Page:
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Home ▸ Catalog ▸ Greek Coins ▸ Greek Imperial ▸ North AfricaView Options:  |  |  | 

Roman Provincial Coins from North Africa

Kingdom of Numidia, North Africa, Micipsa, c. 148 - 118 B.C.

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Numidia (202 - 46 B.C.) was an Ancient Berber kingdom in what is now Algeria and a smaller part of Tunisia, in North Africa. It was bordered by the kingdoms of Mauretania (modern-day Morocco) to the west, the Roman province of Africa (modern-day Tunisia) to the east, the Mediterranean Sea to the north, and the Sahara Desert to the south. After the death of the long-lived Masinissa c. 148 B.C., he was succeeded by his son Micipsa. When Micipsa died in 118, he was succeeded by his two sons Hiempsal I and Adherbal, and by his illegitimate grandson, Jugurtha. Jugurtha had Hiempsal killed, which led to war with Adherbal. Rome declared war after Jugurtha killed some Roman businessmen aiding Adherbal. Jugurtha surrendered and received a highly favorable peace treaty, which raised suspicions of bribery. The Roman commander was summoned to Rome to face corruption charges. Jugurtha was also forced to come to Rome to testify, where he was completely discredited. War broke out again and several legions were dispatched to North Africa. The war dragged out into a seemingly endless campaign. Frustrated at the apparent lack of action, Gaius Marius returned to Rome to seek election as Consul. Marius was elected, and then returned to take control of the war. He sent his Quaestor Lucius Cornelius Sulla to neighboring Mauretania to eliminate their support for Jugurtha. With the help of Bocchus I of Mauretania, Sulla captured Jugurtha. In 104 B.C., after being paraded through the streets of Rome in Marius' Triumph, Jugurtha was executed.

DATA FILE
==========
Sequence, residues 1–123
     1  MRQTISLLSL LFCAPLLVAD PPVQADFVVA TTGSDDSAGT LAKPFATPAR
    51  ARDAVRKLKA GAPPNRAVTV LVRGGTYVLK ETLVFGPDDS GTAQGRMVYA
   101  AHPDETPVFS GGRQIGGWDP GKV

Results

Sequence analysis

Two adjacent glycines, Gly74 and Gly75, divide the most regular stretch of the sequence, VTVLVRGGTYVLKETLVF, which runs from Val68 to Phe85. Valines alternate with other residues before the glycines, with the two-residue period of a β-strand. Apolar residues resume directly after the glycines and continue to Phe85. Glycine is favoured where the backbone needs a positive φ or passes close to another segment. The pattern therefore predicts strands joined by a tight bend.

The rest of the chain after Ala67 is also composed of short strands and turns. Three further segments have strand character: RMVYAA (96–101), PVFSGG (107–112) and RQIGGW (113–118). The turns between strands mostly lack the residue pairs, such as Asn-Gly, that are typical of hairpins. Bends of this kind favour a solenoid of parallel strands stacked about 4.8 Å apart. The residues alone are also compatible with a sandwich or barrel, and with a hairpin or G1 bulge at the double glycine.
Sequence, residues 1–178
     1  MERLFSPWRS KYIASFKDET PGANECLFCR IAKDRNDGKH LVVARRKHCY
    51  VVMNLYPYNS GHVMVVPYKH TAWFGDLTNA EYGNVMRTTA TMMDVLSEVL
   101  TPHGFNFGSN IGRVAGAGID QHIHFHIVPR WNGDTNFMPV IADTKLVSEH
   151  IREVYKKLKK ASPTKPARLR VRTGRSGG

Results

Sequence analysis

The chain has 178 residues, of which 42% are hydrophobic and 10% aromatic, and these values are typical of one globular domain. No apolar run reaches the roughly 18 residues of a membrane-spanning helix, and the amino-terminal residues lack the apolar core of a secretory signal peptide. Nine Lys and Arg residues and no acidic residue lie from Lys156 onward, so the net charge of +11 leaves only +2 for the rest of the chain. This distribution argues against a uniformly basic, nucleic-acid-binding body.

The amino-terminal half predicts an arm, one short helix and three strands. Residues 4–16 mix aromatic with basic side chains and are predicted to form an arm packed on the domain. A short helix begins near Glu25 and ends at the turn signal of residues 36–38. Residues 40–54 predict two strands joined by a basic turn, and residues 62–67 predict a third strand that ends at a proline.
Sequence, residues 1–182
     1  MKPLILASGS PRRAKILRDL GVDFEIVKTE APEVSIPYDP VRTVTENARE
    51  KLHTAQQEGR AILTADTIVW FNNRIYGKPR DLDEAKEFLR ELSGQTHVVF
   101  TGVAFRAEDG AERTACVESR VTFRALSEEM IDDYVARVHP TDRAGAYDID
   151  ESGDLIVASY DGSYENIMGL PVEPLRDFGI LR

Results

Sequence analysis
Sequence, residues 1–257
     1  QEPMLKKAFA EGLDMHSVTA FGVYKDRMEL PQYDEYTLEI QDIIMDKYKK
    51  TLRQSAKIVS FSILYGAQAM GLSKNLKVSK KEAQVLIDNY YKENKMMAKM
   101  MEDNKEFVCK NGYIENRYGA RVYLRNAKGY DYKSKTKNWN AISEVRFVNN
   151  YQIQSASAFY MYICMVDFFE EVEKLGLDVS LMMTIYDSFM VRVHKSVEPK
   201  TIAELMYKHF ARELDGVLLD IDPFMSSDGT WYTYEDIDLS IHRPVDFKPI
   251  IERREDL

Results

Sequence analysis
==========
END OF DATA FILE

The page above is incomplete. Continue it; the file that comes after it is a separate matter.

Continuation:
GB77302. Bronze AE 27, Alexandropoulos MAA 18a, Mazard III 50, MŁller Afrique 32, SNG Cop 505 ff., SGCV II 6597, F, near black dark glossy patina, earthen deposits, weight 14.970 g, maximum diameter 26.7 mm, die axis 0o, Numidian mint, c. 148 - 118 B.C.; obverse laureate head of king left, pointed beard, dot border; reverse horse galloping left, pellet below, linear border; $90.00 (Ä80.10)

Kingdom of Mauretania, Ptolemy, 24 - 40 A.D.

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Ptolemy was the son of King Juba II and Queen Cleopatra Selene II. His mother was the daughter of Cleopatra VII and Mark Antony. Ptolemy was educated in Rome and Roman citizen. In late 40, Caligula invited Ptolemy to Rome. After welcoming him with appropriate honors, he ordered his assassination. Mauretania became a Roman province.
GB59023. Bronze AE 23, Mazard 498, MŁller Afrique 198, SNG Cop -, Fair, rough, weight 6.325 g, maximum diameter 23.3 mm, die axis 0o, Caesarea (now Cherchell, Algeria) mint, 24 - 40 A.D.; obverse diademed and draped bust of Ptolemy right; reverse lion standing right, star above; very rare; SOLD

Sabratha, Africa, c. 8 - 14 A.D., Augustus Reverse

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Sabratha is on the Mediterranean coast about 66 km west of Tripoli, Libya. It was a Tyrian or Carthaginian settlement, the farthest of the west of the three chief cities of Syrtica, with a prosperous harbor. It became a colony in the second century A.D., perhaps under Trajan. Septimius Severus was born nearby in Leptis Magna, and Sabratha reached its peak under the Severans. The city was badly damaged by earthquakes in the 4th century, particularly the quake of 365. Within a hundred years of the Arab conquest of the Maghreb, trade had shifted to other ports and Sabratha dwindled to a village.Roman Theater of Sabratha
RP68109. Bronze AE 23, RPC I 814, aF/F, weight 8.357 g, maximum diameter 22.8 mm, die axis 0o, Syrtica mint, c. 8 - 14 A.D.; obverse neo-Punic Inscription: SBRT'N (behind), bust of Serapis right, neo-Punic R (initial of suffete) before; reverse CAESAR, bare head of Augustus right, lituus before; rare; SOLD



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Catalog current as of Monday, April 24, 2017.
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Roman North Africa